Ferrets develop cancer relatively quickly; early detection is very important for survival, this is another reason a yearly exam with one of our veterinarian is so important. Ferrets are prone to cancers like insulinoma (cancer of the pancreas), adrenal gland tumors, mast cell tumors of the skin, and lymphosarcoma (cancer of the lymph nodes and lymphocytic white blood cells).

Heart Disease
Unfortunately ferrets commonly develop heart disease due to cardiomyopathy, normally occurring when they are over 3 years old. Clinical signs of heart disease include weakness or lethargy, loss of coordination, anorexia, coughing, and distended abdomen.


Ferrets are well known as "escape artists", so need to be housed securely in a cage that can be locked. Ferrets should be housed in the largest cage you can afford and accommodate in your home; a suggested minimum size cage recommended would be 24 x 24" x 18". The cage floor should be a solid surface or a wire bottom, wooden or porous floors should be avoided so it does not become saturated in feces and urine. Ferrets sleep 12-18 hours a day, and need a dark enclosed area. Some ferrets will chew bedding or any cloths so inspect your ferret’s cage often for any rips or tears and removed any damaged material right away. Your ferret can be litter box trained and the litter box should be filled with a pelleted litter, ferrets prefer to back into a corner to eliminate so it is best to purchase a litter box that fits in the corner and clips onto your pet’s cage. Ferrets are too active to be completely confined to their cage; they should have at least 2-3 hours of exercise daily. It is important to "ferret proof" any area where your ferret will have access to; meaning any hole should be blocked off with plywood or hardware cloth. Ferrets tend to chew anything they can so all foam, plastic, and rubber products should be kept away. Ferrets are also very sensitive to heat stroke and their environment should be kept at or below 80°F and their cage should be well ventilated.

Check list for your ferret’s supplies

  • Large cage with solid or wire bottom
  • A dark place to sleep
  • Corner litter box
  • Heavy water bowl
  • Heavy food bowl
  • Access to good quality food
  • Access to fresh water
  • "Ferret proof" toys


Grooming with ferrets is very similar to grooming your cat or dog. Regular bathing, nail trims, brushing teeth, and cleaning ears. Bathing your ferret too often can dry out its skin and coat. Ferrets have a natural musky odor to them and you cannot bathe them enough for them to smell "clean". If the musky smell is offensive to you then a ferret may not be the right pet for your home. Ferret nails are sharp and can get stuck in carpeting or cloth if left to grow too long, so nails should be cut often.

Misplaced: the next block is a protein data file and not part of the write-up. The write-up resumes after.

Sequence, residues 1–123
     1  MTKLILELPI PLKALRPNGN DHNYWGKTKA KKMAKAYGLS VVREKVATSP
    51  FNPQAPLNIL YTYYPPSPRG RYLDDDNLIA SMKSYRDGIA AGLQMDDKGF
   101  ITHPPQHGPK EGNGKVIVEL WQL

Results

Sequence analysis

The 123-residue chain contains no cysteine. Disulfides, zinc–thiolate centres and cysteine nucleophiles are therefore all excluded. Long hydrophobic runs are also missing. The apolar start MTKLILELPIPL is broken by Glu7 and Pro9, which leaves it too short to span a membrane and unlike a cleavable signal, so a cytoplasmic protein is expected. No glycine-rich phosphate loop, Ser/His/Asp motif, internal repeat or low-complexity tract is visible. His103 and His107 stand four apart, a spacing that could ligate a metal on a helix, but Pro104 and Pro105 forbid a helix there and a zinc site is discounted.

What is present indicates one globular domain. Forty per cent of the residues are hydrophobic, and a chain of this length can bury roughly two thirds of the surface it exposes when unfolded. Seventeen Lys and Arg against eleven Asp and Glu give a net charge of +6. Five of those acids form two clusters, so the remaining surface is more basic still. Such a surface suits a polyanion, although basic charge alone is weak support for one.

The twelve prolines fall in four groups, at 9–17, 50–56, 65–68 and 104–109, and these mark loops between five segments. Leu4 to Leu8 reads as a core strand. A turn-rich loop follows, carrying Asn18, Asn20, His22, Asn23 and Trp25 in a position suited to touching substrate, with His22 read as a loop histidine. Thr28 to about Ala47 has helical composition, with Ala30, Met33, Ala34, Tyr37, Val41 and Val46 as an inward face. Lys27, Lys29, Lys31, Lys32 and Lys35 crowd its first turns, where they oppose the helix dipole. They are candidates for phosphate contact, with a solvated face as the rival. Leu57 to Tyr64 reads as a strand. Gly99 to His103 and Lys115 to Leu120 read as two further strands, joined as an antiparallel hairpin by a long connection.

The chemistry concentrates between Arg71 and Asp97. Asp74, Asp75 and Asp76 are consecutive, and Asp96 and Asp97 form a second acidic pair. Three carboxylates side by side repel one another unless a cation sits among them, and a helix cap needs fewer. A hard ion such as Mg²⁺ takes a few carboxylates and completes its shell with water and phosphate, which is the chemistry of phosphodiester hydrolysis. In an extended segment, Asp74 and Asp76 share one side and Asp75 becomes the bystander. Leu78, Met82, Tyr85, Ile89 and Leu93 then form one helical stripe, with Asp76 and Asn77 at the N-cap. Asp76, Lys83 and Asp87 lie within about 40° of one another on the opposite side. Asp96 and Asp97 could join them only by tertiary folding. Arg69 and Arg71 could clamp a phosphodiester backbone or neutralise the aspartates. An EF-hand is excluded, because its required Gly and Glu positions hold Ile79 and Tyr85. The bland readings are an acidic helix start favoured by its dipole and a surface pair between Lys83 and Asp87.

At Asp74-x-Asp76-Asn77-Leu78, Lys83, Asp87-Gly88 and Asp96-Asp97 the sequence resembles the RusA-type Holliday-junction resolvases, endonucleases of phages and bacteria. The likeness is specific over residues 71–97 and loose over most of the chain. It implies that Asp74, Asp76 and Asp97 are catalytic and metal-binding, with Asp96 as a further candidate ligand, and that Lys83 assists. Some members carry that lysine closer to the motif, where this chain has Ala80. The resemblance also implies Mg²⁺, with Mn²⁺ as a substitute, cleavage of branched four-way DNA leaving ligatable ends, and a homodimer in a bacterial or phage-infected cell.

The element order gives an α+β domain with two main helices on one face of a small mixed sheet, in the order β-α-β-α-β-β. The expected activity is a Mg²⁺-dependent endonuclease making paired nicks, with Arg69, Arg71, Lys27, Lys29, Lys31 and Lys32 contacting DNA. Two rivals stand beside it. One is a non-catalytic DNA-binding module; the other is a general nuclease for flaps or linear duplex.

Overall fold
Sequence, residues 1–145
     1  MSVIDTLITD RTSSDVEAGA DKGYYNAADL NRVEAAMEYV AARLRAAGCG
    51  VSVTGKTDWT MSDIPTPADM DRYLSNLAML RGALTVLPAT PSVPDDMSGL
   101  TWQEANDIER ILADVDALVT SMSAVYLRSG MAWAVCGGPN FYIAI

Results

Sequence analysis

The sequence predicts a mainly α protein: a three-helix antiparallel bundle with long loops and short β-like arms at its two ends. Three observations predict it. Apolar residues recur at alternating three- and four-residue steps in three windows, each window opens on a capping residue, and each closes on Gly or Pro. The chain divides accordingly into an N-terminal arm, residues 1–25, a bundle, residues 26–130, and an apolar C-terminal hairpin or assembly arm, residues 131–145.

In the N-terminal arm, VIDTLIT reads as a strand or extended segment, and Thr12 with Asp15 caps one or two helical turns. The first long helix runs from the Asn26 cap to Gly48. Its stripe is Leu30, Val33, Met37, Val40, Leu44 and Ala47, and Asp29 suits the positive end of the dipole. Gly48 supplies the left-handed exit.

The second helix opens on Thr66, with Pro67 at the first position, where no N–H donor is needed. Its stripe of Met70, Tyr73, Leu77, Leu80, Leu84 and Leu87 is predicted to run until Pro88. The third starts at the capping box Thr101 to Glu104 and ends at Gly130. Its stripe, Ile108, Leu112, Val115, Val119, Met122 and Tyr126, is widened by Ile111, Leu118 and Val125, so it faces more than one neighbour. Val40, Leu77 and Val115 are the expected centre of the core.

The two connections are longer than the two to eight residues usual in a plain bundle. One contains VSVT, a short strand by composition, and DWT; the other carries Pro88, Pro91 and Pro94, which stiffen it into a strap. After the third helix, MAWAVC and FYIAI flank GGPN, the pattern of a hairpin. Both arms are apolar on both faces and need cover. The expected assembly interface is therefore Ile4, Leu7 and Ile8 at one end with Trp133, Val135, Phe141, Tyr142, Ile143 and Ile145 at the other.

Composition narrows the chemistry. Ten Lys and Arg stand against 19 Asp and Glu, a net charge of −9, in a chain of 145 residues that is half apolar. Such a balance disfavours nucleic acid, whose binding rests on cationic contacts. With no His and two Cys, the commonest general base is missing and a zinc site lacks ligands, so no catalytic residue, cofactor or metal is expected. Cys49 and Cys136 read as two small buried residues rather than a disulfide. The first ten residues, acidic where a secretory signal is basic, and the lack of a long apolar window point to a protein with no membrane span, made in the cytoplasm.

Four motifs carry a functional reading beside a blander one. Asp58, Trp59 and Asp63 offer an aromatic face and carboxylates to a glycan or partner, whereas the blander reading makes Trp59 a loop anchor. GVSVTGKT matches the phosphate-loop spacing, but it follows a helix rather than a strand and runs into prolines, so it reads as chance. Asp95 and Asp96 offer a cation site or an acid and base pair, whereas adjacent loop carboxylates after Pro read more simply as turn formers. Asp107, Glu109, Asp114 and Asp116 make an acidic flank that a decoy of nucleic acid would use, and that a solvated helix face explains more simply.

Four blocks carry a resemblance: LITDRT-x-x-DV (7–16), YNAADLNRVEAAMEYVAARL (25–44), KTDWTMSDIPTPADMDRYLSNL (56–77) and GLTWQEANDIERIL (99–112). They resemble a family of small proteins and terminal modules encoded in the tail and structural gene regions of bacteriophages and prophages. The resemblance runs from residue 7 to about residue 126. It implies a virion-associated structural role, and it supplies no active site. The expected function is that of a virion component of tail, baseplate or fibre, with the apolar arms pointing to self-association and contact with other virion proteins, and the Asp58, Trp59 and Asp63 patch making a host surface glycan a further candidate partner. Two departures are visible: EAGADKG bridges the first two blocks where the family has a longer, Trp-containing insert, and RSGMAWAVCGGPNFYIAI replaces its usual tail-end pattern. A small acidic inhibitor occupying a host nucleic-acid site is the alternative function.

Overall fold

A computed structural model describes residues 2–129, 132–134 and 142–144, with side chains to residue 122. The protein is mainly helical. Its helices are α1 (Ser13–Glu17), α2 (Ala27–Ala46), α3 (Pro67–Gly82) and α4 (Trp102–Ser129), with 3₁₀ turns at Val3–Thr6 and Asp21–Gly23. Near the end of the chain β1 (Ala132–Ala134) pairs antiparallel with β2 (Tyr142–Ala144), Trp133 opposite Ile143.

Healthy ferrets are inquisitive, alert, curious, bright eyed, and are either in constant motion or are sleeping. An unhealthy ferret is not as curious, becomes listless and lethargic, stops grooming themselves and eyes become glazed and unfocused. If you see any of these unhealthy behaviors you should bring your ferret into see a veterinarian as soon as possible. Since ferrets are such active and inquisitive creatures behavior enrichment is important. As mentioned previously it is important to allow your ferret play time out of the cage, but it is also important to make sure this play time is stimulating; so it is best to try to mimic some of their natural environment, using cardboard boxes and PCV pipes can make for good tunneling play; hiding treats and food in their toys is an even better way to make sure their minds are being stimulated during their play time.

Other good toys for your ferret

  • Dryer hose
  • Empty paper bags
  • Straw mats and baskets
  • Food treat in plastic bottle or egg carton
  • Telephone books
  • Toilet paper/ paper towel tubes
  • Ping Pong balls in water
  • Hiding toys in sandbox
  • Suspended ping pong or plastic ball or string
  • Paper bag filled with crumpled paper
  • Cardboard box filled with soil, rice, ping pong balls, hay or crumpled pieces of paper or hay
**Please call the staff at Otterkill animal hospital if you have any questions about your pet, we are always happy to help, or set up an appointment with one of Our Veterinarians**